One of the major developments accomplished by the New Testament writers, particularly in Paul, is the universalization of biblical religion. We often get caught up in trying to figure out what Paul was saying when he pitted the law against the gospel. In Paul, this issue comes up often in the context of Jewish and Gentile believers together (c.f., Gal 2:11-21; Rom 2:17-29; 2 Tim 1:8-11). In a lot of the discussion that has taken place over the centuries, the law and the gospel have been cast as opposing forces. I do not think they’re opposing forces at all. Everything revealed in the Bible is the gospel. When Paul spoke of the law and the gospel, he was contrasting the Law given to the Jews at Sinai with the gospel he preached to Gentile believers. Essentially, I read him as telling Gentiles that they do not have to become Jews in order to be Christian because they’d already arrived at the right conclusion about Christ through means other than the Law (i.e., natural law). Whether they believed in Christ by recognizing him as the Logos or as the fulfillment of the law and prophets, the end result is the same. If they’d come to faith absent the Law, then adopting Jewish customs amounted to taking unnecessary steps, nothing more than returning to one’s point of origin just to take a different route to a destination already arrived at. Both the Mosaic Law and the natural law are sufficient means to the necessary end, neither mutually exclusive of the other but neither requires the other either. All that is necessary, in the end, is to believe in Christ and who he is (c.f., 1 Cor 15:3-7).

This is important in that both Jewish Christians and Gentile Christians were dissenters from the wider culture, both Roman and Jewish. Both of them had arrived at the same dissenting opinion based on (theoretically) separate bodies of knowledge. One group via a directly-revealed law, the other by perceiving God through the things he had made. In terms of intellectual freedoms, this means several things. First, it means that people can come to the same conclusions based on different evidence, implying that God has given us the ability to reason . . . for a reason. Second, it means that people can disagree–even vehemently–on particulars while agreeing on broader issues. Third, it means one can dissent without being disloyal to the wider culture, system, or regime. Jewish Christians were no less loyal or faithful to their Jewish culture. Nor were Christians generally disloyal to the Roman government simply by the fact of their Christian faith (c.f., Rom 13:1-7; 1 Peter 2:13, 17). Finally, it means that an objective and true standard of things like right and good, ethics and morals, does exist and is accessible to everyone in such a way that, at the very least, we can even have a discussion about what is right, good, ethical, and moral. The imprimatur of the Logos is not just stamped on each one of us but is discernible through the things we know and experience. Like God’s law in the Old Testament, this presents as a common basis upon which to reason.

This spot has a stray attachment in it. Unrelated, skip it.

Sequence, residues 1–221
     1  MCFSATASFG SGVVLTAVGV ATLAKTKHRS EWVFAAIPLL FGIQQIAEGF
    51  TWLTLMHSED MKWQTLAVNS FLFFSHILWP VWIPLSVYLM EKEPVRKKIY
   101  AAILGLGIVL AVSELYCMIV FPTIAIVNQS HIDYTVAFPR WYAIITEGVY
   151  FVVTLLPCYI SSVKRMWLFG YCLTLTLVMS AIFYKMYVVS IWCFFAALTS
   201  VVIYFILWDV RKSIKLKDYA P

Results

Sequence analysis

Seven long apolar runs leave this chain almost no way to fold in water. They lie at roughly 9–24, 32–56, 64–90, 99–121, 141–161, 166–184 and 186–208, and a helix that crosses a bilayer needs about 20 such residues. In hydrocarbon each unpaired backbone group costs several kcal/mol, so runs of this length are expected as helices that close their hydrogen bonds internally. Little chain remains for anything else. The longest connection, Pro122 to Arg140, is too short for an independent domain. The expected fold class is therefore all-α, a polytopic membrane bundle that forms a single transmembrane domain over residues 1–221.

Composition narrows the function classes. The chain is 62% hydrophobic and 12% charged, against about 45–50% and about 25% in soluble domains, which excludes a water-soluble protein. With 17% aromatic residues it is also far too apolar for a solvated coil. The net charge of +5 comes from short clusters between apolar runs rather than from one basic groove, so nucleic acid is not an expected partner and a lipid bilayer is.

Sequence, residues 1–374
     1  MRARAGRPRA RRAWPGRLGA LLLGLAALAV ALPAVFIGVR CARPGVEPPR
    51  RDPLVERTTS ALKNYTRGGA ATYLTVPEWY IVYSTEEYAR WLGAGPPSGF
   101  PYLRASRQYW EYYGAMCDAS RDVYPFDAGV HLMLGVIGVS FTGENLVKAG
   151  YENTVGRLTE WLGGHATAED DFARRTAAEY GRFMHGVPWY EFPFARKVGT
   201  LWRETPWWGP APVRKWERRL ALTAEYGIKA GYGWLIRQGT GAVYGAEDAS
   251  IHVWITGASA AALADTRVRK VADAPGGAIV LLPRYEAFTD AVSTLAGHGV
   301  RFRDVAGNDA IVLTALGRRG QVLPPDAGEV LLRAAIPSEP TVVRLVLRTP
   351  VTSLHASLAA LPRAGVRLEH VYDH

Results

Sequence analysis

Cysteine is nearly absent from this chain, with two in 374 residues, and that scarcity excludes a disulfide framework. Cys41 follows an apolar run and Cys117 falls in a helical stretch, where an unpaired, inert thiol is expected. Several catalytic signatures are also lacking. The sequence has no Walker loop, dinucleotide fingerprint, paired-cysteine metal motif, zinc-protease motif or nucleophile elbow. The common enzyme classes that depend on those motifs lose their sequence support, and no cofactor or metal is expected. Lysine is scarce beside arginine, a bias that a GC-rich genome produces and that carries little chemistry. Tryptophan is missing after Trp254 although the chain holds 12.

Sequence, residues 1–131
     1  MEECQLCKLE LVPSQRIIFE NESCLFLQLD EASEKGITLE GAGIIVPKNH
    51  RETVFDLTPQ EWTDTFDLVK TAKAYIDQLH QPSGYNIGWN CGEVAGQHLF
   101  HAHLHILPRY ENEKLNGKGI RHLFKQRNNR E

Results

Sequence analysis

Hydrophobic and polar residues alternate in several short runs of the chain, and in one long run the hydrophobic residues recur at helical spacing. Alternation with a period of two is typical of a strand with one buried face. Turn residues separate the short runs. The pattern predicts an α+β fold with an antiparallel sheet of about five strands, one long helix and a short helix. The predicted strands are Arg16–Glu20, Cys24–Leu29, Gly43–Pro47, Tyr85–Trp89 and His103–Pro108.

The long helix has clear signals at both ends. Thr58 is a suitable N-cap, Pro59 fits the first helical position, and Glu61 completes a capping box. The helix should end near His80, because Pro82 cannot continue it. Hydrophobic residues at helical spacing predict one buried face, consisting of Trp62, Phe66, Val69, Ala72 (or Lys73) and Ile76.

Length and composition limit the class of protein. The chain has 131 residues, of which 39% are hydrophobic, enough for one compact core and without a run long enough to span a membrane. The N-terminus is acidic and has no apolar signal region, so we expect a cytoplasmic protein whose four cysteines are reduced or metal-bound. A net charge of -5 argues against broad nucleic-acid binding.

The existence of a common basis for reason is often overlooked as a source of freedom. In our individualistic way of thinking about and defining freedom, we too often want to believe that being without boundaries is the definition of freedom. However, as the Anglo-American political tradition has long recognized, true liberty only exists as ordered liberty. The existence of the Logos and his natural law define the boundaries of our existence and, just as importantly, these boundaries can be known and understood if only we’re willing to look. That means being intellectually free to explore them (non-destructively, of course) as well as to debate them, but, importantly with a recognition that they do exist and exert a certain power over us.